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Revisited Josh Stevens of Stu Stu Studios Memphis, for his new Preesh Festival June 8th and we took a few pictures and videos to share. This new festival with 19 acts on three stages, in two venues has been in the making for quite a while, and affectionately named 'Preesh Fest' short for Thanks 'PreciateIt. When one hears why it came into be in the first place, you totally understand the concept behind the name. This is the brain child of our former #901Spotlight feature, Josh Stevens and he did this as a thanks to the many local and touring bands he has worked with, did last minute openings, and just been all around decent people in their dealings. Thirty minute performances made for quick transitions between bands and a pretty solid live music experience. This is our journal of Day One held at the famous HiTone, located in the trendy, up-and-coming creative space of Crosstown here in Memphis, TN.
The first up was a local band, Jadewick (formerly GRYSCL) which has evolved from Screamo to vocal centric pop punk. Brothers, Zohayr and Sameer Shirazi along with Chance Clement and Barrett Kutas, gave the crowd a strong opening performance, setting the tone for the many bands to follow. You can catch them again July 3rd back at the HiTone for a show and hear for yourself.
Joe Gillis (vocals), Adam Laden (guitars), Justin Richardson (bass), and Mickey Tedder (percussion) make up Sleuthfoot, the second act playing Preesh this year. Hailing out of Jonesboro, AR this four-piece sludge metal band kicked up the adrenaline of festival goers with Gillis engaging the audience of the festival through the set. Their self-titled EP is available now on most streaming sites and you can catch then again on July 10, at The P&H Cafe on Madison Avenue in Memphis.
St Louis grown Spacetrucker reminded us of early STP (Core) with Brian Johnson-esque vocals. Our first impression of one song, from its beginning, was preparing us for a deep and meaningful lyrical journey only to learn its title was "New Pubes", to our inner delight. Mike Owens (guitar and vocals), Patrick Mulvaney (bass), and Del Toro (percussion) currently have an EP entitled Launch Sequence available and an upcoming show on June 30, at the Sinkhole in St Louis.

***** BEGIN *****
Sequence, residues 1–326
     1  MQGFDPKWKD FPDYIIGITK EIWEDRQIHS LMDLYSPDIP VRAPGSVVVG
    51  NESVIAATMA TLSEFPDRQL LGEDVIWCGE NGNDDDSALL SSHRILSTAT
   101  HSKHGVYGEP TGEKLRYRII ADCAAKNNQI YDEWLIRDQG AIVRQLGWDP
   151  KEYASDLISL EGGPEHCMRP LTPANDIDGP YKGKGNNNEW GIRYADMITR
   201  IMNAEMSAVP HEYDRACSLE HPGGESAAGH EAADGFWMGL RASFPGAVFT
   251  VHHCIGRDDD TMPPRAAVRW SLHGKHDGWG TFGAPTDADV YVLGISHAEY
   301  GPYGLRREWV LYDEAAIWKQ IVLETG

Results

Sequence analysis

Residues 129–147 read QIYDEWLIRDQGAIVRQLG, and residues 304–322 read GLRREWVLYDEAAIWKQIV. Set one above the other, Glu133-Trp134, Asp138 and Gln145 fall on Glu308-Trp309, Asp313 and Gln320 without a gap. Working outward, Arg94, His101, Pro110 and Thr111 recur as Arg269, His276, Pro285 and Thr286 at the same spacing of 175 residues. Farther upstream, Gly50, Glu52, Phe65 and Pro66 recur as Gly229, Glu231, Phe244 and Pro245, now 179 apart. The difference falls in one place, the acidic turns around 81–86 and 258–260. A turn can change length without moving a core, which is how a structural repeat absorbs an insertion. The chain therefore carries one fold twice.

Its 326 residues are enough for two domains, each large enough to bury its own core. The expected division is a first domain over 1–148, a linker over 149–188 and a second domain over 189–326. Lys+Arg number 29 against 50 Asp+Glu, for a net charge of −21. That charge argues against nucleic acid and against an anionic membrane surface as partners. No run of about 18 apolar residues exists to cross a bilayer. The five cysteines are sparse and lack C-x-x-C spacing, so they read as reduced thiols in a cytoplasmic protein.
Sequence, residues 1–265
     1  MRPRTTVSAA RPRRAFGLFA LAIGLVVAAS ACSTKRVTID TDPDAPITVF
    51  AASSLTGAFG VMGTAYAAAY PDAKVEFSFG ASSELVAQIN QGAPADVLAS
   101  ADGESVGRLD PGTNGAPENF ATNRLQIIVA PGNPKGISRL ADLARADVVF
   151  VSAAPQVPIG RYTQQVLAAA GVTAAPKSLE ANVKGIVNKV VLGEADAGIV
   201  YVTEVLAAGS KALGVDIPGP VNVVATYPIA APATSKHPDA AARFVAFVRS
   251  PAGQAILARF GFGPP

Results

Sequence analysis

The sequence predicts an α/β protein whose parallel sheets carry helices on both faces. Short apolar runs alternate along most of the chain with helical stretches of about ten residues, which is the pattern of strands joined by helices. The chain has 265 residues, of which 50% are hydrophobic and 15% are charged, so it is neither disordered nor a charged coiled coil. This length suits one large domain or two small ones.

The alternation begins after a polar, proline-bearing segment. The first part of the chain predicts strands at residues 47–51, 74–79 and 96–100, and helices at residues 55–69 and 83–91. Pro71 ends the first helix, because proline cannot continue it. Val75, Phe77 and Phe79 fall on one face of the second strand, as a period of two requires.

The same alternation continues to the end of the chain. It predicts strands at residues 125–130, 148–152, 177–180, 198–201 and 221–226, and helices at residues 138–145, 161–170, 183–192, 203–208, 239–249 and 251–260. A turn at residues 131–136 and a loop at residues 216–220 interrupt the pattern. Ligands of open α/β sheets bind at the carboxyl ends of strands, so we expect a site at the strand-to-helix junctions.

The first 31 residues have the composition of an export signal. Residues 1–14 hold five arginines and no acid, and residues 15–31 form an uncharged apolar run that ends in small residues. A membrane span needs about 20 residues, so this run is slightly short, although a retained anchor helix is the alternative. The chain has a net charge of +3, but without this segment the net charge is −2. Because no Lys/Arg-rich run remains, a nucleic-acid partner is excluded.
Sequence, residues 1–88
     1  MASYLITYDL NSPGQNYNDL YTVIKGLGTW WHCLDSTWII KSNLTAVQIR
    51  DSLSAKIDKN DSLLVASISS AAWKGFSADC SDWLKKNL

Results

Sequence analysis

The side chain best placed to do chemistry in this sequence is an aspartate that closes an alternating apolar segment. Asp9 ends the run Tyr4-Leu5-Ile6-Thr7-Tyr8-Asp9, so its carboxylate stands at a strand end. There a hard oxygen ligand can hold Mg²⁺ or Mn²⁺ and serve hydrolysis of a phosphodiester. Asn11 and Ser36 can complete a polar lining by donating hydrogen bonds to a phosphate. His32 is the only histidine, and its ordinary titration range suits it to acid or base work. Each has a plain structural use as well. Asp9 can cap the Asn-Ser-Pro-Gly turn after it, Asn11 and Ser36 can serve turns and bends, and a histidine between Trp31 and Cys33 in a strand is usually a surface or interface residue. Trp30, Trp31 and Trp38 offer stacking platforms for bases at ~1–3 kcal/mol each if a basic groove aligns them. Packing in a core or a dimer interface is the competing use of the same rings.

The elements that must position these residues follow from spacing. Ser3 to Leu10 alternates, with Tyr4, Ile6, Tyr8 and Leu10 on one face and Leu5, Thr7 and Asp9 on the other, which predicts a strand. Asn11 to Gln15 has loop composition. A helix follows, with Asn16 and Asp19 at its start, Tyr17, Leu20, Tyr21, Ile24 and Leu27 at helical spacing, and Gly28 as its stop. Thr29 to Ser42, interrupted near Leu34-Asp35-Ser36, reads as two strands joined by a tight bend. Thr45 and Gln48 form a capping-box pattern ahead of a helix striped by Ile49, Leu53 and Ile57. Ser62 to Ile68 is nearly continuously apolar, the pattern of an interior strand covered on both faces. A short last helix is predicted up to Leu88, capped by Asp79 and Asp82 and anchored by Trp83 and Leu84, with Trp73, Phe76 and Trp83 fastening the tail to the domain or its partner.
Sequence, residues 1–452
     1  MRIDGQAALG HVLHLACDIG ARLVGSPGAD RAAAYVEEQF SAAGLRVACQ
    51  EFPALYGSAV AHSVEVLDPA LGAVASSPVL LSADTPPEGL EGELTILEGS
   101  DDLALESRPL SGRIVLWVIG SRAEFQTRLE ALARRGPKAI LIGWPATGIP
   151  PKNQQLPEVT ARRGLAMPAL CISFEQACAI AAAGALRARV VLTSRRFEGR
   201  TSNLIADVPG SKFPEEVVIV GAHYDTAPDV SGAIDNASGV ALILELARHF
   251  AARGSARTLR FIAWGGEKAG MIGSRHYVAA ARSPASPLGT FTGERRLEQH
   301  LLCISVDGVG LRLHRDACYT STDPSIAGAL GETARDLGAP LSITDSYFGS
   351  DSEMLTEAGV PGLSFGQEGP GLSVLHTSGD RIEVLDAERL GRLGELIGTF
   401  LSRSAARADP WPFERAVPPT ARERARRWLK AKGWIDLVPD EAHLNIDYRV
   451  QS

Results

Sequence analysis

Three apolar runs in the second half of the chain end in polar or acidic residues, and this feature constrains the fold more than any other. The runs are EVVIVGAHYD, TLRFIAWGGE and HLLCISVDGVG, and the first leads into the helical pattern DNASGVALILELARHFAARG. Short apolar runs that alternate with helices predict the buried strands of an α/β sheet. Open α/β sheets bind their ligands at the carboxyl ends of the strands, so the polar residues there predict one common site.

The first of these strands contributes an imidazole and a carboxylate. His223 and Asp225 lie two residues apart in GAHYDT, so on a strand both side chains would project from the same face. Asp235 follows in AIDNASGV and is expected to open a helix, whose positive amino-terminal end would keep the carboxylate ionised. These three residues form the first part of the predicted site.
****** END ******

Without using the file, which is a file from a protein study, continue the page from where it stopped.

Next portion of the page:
The instrumental rock band Admiral Longtooth was another unexpected surprise of this multi-genre festival. Jason Dawson (guitar), Matthew Usher (drums), and Scott Grubbs (percussion) are a local Memphis band with sounds reminiscent of a modern day Floyd or Zeppelin interlude, and unlike some instrumental music that sometimes feels more like elevator music on steroids, it carried the listener and kept them interested. You can catch these guys again on July 26, at Growlers in Memphis.
Strengths out of Memphis was the next up and have to say this one was more like an excellent shock. I have known of Alyssa Moore (vocals and guitar) through the Memphis Music scene for a few years. She is owner of Move the Air Audio and has produced some incredible work. I had spoken to her recently about doing a vlog on her, and she referred to Strengths as a 'new project' nonchalantly. Apparently, not only is she a talented producer and engineer (who managed to run sound for the festival and perform), but is a badass musician. The combination of Moore's vocals, Will Forrest on guitar, and Daniel Anderson on drums seems more like a perfect match. There is an event scheduled on June 22 at Hi Tone with a $5-10 suggested donation at the door. If you haven't heard them yet, you'd fare well by catching this one.
Voodoo Trees out of Monroe, LA added a bit of cajun lad badassery to this year's festival with their voodoo blues-rock sound. Shane Brooks on vocals and guitar along with Jimmy Bryants tearing up the drums creates a cauldron of magic stew sprinkled with Langston Amos and Dave Fluke on guitar and bass to kick the musical potion over the top. Great show! Find upcoming shows and links to their music from their site.
Frontman Josh Stevens of Glorious Abhor along with Jason Pulley (Synth and Keys), Mitchell Manley on bass, and Taylor Moore on drums and percussion really "put their feet in it" when they took the stage. Stevens threw his flip flops off as to not break his neck as he energetically provides visual representation of his music. This was not our first time seeing them live, but they've definitely matured in their performance skills and in a very good way. Find their latest events here and find their music on most download platforms.
Appropriately billed last of the night was the Memphis band Risky Whispers. Imagine Too Short as lyricist for a faux punk two-piece. Singer (and guitar), Bust Frehley and percussionist, Slavis Rutherford had a gratuitous random fan on stage most of the performance who seemed to work, and Frehley spent parts of the performance in the audience near the dancing and scantily dressed ladies in attendance. There could not have been a more suitable end to the first day of what will hopefully be an annual occurrence. Find their latest album, Wet Heat for download and catch them again at The P&H on July 3.